But for all the emphasis on his build and the terrifying image he evoked at the back, it would be remiss to overlook his quality on the pitch; he was a brick wall of a defender, who thrived alongside Tommy Smith at the back.
“I was 6’2½” and 14-and-a-half stone, so when I tackled someone he must have felt it,” Yeats told LFCHistory in 2004.
“I wasn’t dirty as far as dirty is concerned. I used to make sure I was there or thereabouts.
“At that time we had these big centre forwards to play against. I always knew if there was going to be a battle I would win the battle. I wouldn’t come second to nobody. I used to enjoy it.”
Having that uncompromising presence at the back allowed the likes of St John, Roger Hunt, Peter Thompson, Chris Lawler and later Tony Hateley and Bobby Graham to thrive at the other end of the pitch, in a period where defence and attack could be more clearly defined.
Yeats was a constant figure for Liverpool over nine seasons, in which they won three titles (two First Division, one Second Division), the FA Cup and three Charity Shields, before back problems restricted him in his final season in 1970/71.
He played just 16 times that season, with Shankly turning to Larry Lloyd as his replacement, before moving to Tranmere in 1971 and serving as player-manager for three years as part of a frustrating spell as a coach.
Liverpool went on to win 11 titles in the following 19 seasons, with two of those coming upon his return to the club as chief scout in 1986—a role he served until 2006.
One of his proudest achievements in his role overseeing the club’s scouting network was the recommendation of Sami Hyypia to Gerard Houllier in 1999, with the Finn going some length to filling his boots as one of Liverpool‘s best centre-backs since the Premier League began.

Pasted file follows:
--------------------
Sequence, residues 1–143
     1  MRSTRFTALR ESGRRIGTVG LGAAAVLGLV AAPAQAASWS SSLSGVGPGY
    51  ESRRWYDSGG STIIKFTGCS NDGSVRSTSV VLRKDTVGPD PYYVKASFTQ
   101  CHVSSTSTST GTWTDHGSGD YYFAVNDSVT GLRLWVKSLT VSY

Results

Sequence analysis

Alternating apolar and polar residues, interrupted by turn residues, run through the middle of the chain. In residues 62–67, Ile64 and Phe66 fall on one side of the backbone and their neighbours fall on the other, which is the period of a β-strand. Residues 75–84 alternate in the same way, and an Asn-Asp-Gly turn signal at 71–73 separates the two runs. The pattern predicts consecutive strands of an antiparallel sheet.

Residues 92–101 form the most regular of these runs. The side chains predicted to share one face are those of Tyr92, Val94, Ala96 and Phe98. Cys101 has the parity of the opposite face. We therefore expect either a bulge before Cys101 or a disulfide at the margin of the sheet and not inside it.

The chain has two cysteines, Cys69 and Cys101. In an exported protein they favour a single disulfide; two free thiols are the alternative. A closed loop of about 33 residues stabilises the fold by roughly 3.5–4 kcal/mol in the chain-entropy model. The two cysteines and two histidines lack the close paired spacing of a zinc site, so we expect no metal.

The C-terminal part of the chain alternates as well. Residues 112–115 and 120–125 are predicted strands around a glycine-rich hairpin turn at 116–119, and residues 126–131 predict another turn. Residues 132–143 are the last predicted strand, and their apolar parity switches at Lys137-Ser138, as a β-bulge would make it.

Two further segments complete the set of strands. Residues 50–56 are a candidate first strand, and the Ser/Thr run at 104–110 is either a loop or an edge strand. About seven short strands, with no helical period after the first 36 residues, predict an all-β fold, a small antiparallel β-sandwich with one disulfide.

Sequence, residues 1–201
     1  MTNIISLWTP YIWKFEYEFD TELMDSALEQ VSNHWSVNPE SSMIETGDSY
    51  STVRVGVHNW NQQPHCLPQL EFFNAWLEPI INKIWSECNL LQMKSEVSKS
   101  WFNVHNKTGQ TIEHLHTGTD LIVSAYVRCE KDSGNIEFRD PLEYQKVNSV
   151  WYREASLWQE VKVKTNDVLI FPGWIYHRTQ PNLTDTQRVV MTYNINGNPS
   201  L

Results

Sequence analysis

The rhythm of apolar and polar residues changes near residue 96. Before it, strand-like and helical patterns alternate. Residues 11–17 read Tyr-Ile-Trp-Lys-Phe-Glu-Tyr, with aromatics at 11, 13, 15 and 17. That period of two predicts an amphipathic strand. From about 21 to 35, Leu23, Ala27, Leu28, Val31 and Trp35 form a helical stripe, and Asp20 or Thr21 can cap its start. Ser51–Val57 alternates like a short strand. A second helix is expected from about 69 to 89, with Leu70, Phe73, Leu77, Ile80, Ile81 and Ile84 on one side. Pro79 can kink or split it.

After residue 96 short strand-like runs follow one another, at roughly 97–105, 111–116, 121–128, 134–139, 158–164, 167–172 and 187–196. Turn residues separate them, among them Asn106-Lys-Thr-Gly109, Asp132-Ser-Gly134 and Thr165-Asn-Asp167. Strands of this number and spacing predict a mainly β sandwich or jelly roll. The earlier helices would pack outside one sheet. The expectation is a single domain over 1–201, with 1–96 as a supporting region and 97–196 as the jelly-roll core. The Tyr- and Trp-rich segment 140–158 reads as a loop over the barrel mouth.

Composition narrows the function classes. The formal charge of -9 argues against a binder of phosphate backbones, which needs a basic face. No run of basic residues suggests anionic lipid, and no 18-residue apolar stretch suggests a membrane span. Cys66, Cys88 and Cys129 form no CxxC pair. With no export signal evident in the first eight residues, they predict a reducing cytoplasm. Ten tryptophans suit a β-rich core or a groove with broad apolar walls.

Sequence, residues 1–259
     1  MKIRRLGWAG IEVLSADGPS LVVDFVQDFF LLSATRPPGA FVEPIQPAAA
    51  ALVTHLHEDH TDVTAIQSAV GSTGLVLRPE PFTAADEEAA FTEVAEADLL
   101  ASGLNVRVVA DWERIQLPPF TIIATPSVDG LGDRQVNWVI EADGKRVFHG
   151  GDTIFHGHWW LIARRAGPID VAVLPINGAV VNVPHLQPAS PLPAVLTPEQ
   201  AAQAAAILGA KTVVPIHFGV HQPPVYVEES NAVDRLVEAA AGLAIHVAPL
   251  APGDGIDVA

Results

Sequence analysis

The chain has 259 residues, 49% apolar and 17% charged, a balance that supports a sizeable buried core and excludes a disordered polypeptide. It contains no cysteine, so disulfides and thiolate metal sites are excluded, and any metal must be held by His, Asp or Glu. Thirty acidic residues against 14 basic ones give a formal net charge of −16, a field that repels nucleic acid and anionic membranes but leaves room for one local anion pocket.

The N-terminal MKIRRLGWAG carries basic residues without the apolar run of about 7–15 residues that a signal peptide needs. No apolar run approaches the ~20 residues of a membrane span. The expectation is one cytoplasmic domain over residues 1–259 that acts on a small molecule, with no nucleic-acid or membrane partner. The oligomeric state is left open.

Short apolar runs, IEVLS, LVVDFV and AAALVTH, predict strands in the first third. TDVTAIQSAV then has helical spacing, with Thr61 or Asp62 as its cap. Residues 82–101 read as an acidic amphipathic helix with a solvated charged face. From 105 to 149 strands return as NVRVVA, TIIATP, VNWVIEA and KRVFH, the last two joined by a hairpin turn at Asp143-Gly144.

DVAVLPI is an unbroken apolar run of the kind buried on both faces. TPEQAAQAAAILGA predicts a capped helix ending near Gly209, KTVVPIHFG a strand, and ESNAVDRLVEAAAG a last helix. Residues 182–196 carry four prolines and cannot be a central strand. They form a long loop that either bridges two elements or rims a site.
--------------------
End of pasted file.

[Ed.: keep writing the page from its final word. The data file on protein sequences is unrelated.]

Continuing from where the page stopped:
Hyypia has arguably been overtaken now, of course, by Virgil van Dijk, and though there are decades and millions of pounds separating them, there are many parallels to be drawn between the impact signing Yeats and Van Dijk had on Liverpool.
They were both transformative signings in which their manager had the utmost faith and conviction, who were brought in to end a long, barren run at Anfield.
Though many of Liverpool‘s titles came in the years after Yeats’ exit in 1971, arguably the most important triumph came in his first season with the club, lifting the club back up to the top table, where they have remained since.
His role in that was colossal, and for a long while Yeats stood as Liverpool‘s second longest-serving captain with a run of nine years, though both he and Alex Raisbeck have now been surpassed by Steven Gerrard.
Sadly, the Scot was recently diagnosed with Alzheimer’s disease, with St John revealing in 2016 that he, along with Yeats and the now-late Smith were all suffering with symptoms, while Geoff Strong had already passed in 2013 and Hateley in 2014.
St John describes it as “an occupational injury,” with studies linking players from the 1950s and 1960s with problems with memory due to their frequent heading over heavy footballs, and it serves as a tragic sacrifice made by many young men who were naturally unaware.
Yeats is blessed to call St John a close friend, with the former striker detailing their struggles as part of Ragnhild Lund Ansnes’ book Liverpool Captains.
Liverpool are equally as fortunate to count the pair among their number, with Shankly describing them as “the greatest signings.”
“They were the beginning of Liverpool,” he concluded, perfectly summarising Yeats’ legacy.